Brenda woke in a cold sweat. The gap in her heavy bedroom drapes let a blade of sunshine through the window that fell across her body, bisecting her. She watched the motes of dust floating in the light for a long time, wanting to delay the inevitable reacquaintance with reality. She could hardly remember the past week. Grief sharpened her memories of her father and dulled almost everything else. She kept thinking of when she was a little girl, feeling invincible, running around the park under her father’s watchful eye, wishing she could go back again.
She’d had an incredibly vivid recurring dream the night before and mulled it over, sitting up and gathering the strength to pour herself out of bed. She could remember a darkness, then a whisper. One that questioned her softly but had an edge to it. A hint of barely contained impatience.
“What would you give?” it asked her. She didn’t know how to reply.
“What would you give, to turn back the clock?”
Read the rest at https://spreadingthewritersword.com/tag/michelle-joy-gallagher/
“The wind whipping through the field formed a low howl that made Elena think of a wounded animal. She was something wounded too. The blood had been dry on her face and neck for a few hours now, but it felt tacky when the skin moved. She’d taken a break from digging, her hands throbbing with newly formed callous, and leaned the shovel against an old tractor. She took a deep breath and eyed the place she had buried the combine harvester blade she’d found by sheer luck in the old shed. It was rusted and covered in a thin sheen of blood she’d tried to wipe off on the underside of her skirt.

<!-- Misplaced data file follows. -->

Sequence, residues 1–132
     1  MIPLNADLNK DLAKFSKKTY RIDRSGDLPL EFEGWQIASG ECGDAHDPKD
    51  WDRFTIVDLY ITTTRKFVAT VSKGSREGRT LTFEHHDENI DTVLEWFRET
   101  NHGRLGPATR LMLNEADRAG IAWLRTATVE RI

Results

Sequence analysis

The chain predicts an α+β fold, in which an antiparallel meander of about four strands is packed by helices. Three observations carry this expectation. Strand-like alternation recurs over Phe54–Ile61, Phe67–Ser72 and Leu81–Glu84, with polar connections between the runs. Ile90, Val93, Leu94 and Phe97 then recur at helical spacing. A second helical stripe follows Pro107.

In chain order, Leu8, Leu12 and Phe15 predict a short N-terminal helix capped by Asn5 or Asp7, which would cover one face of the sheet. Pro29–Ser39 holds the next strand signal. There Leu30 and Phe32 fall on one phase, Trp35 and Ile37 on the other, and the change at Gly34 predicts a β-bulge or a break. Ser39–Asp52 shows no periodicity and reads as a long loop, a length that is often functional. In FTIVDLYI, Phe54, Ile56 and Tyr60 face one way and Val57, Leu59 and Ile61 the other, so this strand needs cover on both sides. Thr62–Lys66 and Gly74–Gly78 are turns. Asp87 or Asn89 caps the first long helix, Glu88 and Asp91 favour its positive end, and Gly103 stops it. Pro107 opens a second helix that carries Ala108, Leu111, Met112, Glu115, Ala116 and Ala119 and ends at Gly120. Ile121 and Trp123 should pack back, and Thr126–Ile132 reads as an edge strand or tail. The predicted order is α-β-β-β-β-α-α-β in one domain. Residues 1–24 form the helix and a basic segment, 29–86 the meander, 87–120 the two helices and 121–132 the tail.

The hole was about 3 feet deep now and subtly oblong. Not deep enough.”
Read the rest at the link:
Neutron star - “a celestial object of very small radius (typically 18 miles/30 km) and very high density, composed predominantly of closely packed neutrons. Neutron stars are thought to form by the gravitational collapse of the remnant of a massive star after a supernova explosion, provided that the star is insufficiently massive to produce a black hole.”
Magnetar - “A magnetar is a type of neutron star believed to have an extremely powerful magnetic field. The magnetic-field decay powers the emission of high-energy electromagnetic radiation, particularly X-rays and gamma rays. The theory regarding these objects was proposed in 1992 by Robert Duncan and Christopher Thompson”
I read once that a magnetar’s magnetic field is so strong it could pull the iron out of your blood from a thousand miles away. It frightened and thrilled me to consider that sort of power. The Cosmos is an unimaginably vast sea full of silent and efficient machines churning and devouring.
I’ve seen people address the universe as if it is some benevolent being with their best interests in mind. “I asked the universe…” they say.
If asked, the universe would answer by atomizing, then ionizing the matter that comprises you.
Existence is the exception, not the rule.
Though the universe may not be vengeful, it is apathetic. That is somehow more frightening as we hurl blindly through space.
We cannot command the universe, bend it to our will, or expect it to be considerate of our desires. What we can do is acknowledge the source of that iron in our blood, the way it was formed.
Over billions of years, as a star burns through its gaseous fuel, it fuses it into heavier elements until finally it produces iron. Iron is the death knell. Iron causes a collapse. This collapse causes a supernova.
The star killing elements are then ejected into space, carried over light years, and deposited in places it can be used to produce complex matter like the blood in your veins.